The last few weeks have been scorchers. They came after weeks of rain and soggy ground. I like the heat, but sometimes, the temperatures feel as if they’ll melt me. In the evenings, just the thought of a dip in the pool is enough to cool me off. It’s the perfect thing to do at the end of a day. 
Kids on vacations always love to swim at night. Before the Interstate opened up traffic to traveling speeds of 80-plus miles per hour, folks traveled state highways that wound through towns and the countryside. Air conditioning wasn’t a standard feature in those old cars; instead we used the 4-40 system: 4 windows down as the car traveled 40 mph. The entire family sweated and, kids’ legs stuck to the clear plastic that covered the seats.  
Long trips required overnight stays at travel lodges or motor lodges. Families piled out of cars and ran to their rooms. Shortly, they exited in bathing suits and made a B-line to the pool. Night had come, the lights around the pool were burning brightly, and bugs were attacking the bulbs and human flesh.  Children jumped into the water with squeals of delight and sighs of relief. Dads might hop in as well, but only under the pretense of keeping the children safe. More than once, parents shushed the children as they got too loud, and before long, the groups walked back to rooms. Parents smiled with the knowledge that pool time would sap little one’s energy enough to make them fall asleep quickly.  
When we were young, vacations consisted of a week’s stay at King’s Cottages, located on the other side of the road from the Greenbrier entrance to the Smoky Mountain Park. For the next seven days, we lived in the water. Days started with breakfast, and then we walked to the swimming hole. For the next few hours, we swam under water, dove from the large rock on the other bank, and skimmed rocks on the water’s surface. After lunch the bunch of kids walked to different areas and rode the rapids back down to the cabin. Instead of inner-tubes, we wore cut-off jeans and old canvas tennis shoes. Our backsides were sometimes bruised and sore, but the fun of scooting down the white water was worth it. 

 At night, we returned to the river. The cooling temperatures of the evening made the water feel warmer, and we swam by the light of the moon before walking back home carefully so as not to stub toes on rocks. We rarely moved in our sleep because the sun and water had wrung out every ounce of energy.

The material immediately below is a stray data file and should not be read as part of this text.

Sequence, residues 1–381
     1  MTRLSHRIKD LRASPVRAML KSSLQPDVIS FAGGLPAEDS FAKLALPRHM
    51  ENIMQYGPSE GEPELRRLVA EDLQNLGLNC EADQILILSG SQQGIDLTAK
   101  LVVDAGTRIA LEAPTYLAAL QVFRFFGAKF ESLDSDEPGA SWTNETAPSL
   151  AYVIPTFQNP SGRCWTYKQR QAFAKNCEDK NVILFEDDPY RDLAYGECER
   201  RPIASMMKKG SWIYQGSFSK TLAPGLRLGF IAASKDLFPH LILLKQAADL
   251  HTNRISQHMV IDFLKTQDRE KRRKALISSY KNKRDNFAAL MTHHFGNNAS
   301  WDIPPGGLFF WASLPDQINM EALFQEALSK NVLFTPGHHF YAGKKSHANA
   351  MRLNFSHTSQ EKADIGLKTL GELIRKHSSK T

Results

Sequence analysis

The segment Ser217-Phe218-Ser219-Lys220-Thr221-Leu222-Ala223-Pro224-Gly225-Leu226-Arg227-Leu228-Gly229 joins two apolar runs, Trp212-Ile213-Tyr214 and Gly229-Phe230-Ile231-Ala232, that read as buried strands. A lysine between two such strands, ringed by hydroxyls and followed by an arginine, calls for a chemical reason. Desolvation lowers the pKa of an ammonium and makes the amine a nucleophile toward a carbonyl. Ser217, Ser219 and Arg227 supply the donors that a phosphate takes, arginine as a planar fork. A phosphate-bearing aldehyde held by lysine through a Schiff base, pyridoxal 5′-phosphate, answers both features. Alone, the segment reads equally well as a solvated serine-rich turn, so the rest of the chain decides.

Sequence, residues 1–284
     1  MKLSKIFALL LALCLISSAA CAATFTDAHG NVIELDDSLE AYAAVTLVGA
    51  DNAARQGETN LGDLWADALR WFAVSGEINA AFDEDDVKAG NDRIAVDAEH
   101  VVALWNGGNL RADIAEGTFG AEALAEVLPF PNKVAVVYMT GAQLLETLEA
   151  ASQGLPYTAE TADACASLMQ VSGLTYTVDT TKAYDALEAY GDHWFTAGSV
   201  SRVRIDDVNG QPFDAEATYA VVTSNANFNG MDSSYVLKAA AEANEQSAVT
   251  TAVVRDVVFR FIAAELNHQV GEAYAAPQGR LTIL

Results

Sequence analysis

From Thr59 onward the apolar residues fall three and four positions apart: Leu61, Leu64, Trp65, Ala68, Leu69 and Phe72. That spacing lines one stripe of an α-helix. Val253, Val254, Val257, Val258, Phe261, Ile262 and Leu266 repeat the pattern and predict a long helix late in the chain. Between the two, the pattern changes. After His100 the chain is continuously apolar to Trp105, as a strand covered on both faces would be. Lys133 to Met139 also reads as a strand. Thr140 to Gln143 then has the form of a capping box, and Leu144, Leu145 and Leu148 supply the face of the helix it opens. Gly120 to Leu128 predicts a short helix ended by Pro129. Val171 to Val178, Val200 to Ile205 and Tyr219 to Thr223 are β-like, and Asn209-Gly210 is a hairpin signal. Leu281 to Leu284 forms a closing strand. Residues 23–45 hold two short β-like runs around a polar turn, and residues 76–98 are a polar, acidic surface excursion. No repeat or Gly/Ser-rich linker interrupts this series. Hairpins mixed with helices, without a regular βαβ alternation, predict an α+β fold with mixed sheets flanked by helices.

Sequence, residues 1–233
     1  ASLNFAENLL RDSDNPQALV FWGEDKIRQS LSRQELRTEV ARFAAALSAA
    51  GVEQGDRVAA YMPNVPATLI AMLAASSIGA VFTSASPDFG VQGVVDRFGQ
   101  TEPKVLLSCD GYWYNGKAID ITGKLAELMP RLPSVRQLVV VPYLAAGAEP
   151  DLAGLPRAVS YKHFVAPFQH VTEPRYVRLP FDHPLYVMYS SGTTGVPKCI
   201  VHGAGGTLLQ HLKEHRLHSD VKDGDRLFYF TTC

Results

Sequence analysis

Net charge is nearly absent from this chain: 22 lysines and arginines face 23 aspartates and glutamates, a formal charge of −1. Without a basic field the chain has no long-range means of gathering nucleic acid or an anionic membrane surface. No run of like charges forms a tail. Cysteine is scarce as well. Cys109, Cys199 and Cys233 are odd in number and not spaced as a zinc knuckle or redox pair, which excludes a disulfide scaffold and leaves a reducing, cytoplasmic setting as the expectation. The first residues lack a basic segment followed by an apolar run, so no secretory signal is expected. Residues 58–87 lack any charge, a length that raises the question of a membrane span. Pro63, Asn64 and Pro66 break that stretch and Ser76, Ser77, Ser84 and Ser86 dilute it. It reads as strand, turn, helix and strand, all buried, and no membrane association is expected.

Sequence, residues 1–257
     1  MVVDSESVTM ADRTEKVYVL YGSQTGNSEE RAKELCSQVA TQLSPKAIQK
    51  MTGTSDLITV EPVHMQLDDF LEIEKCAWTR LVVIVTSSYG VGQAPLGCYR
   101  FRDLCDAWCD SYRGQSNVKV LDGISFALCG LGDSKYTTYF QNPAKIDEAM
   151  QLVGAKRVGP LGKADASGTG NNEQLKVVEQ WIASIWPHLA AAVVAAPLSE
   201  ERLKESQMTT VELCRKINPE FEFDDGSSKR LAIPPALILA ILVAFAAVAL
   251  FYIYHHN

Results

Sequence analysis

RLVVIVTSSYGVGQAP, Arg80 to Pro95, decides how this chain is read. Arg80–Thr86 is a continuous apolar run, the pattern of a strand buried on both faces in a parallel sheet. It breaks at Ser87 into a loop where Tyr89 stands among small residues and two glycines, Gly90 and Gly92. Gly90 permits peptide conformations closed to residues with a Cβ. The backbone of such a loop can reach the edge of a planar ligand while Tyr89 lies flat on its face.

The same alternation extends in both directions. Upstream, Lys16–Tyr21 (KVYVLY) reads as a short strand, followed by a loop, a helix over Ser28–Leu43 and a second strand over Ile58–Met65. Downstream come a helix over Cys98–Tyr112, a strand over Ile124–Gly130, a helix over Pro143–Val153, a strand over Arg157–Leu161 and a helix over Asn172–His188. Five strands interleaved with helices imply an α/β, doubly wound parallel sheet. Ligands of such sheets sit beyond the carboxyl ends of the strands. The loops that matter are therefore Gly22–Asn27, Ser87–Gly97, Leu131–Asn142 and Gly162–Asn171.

These days, Amy and I spend as much time as possible by the pool every day. If the day demands too much of our attention, we know that the evening will allow time for swimming. I don’t enter the water as quickly as I used to do, but I still take a modified “Rector plunge.” My interests are no longer in diving or swimming. Instead, I let go and try to become as weightless as possible. Floating as I watch the traffic on Ball Camp Pike or watch the stars come out of hiding is the perfect end of a day. That dip in the pool is where I lose the aches and pains that this body of mine offers at the end of the day. 
Whether I was in a motel pool, the river, or the pool in my back yard, one thing has remained the same: my night’s sleep is always better after visiting the water. Oh, these days, I still crawl from the bed too many times during the night, but the sleep is still sweeter after the pool. I’ll be there again tonight and every night until the weather turns too cold or the leaves become too plentiful to keep out of the water.  

July 4th Reality Show Showdown

Image result for trump at july 4th speech photosAnother July 4th celebration has come and gone, but this last one was much different from those in the past. For the first time in our history, the nation’s birthday was used as a centerpiece for praising militarism. Don’t get me wrong; I proudly support our armed forces, troops, and veterans. However, other days are on the annual calendar for celebrating those things. What happened on July 4, 2019 was that a reality show showdown took place. In one corner was the president; in the other was A Capitol Fourth Celebration. So many differences between the two were apparent.  
The crowds were both large and hearty. The president’s turnout was tempered by downpours of rain and thunderstorms. Spectators were covered with ponchos and umbrellas, and many headed for the exits. Later in the evening, the other crowd dealt with a few showers, but nothing like the deluge from just a couple of hours earlier. The Lincoln Memorial crowd was wowed by all sorts of war planes, along with road-crushing tanks and other armored vehicles. The president read off the prompter an elementary, historical tale of our country, complete with some gaffes that still have folks shaking their heads. Capitol crowds were entertained by the Muppets, who have for 50 years taught children to count, read, love, and accept. Additionally, well-known entertainers, as well as new talents, sang, danced, and talked about our great country and the many reasons that we have to be hopeful for the future.   
a capitol fourth